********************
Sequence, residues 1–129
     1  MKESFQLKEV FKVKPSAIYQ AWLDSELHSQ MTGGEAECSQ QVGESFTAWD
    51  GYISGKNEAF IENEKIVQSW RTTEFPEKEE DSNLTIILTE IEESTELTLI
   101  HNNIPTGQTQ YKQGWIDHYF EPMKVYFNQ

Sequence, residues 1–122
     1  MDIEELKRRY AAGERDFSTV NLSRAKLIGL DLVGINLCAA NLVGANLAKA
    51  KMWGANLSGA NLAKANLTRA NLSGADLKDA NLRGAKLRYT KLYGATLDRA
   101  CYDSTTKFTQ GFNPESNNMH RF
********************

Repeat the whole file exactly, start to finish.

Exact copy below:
Sequence, residues 1–129
     1  MKESFQLKEV FKVKPSAIYQ AWLDSELHSQ MTGGEAECSQ QVGESFTAWD
    51  GYISGKNEAF IENEKIVQSW RTTEFPEKEE DSNLTIILTE IEESTELTLI
   101  HNNIPTGQTQ YKQGWIDHYF EPMKVYFNQ

Sequence, residues 1–122
     1  MDIEELKRRY AAGERDFSTV NLSRAKLIGL DLVGINLCAA NLVGANLAKA
    51  KMWGANLSGA NLAKANLTRA NLSGADLKDA NLRGAKLRYT KLYGATLDRA
   101  CYDSTTKFTQ GFNPESNNMH RF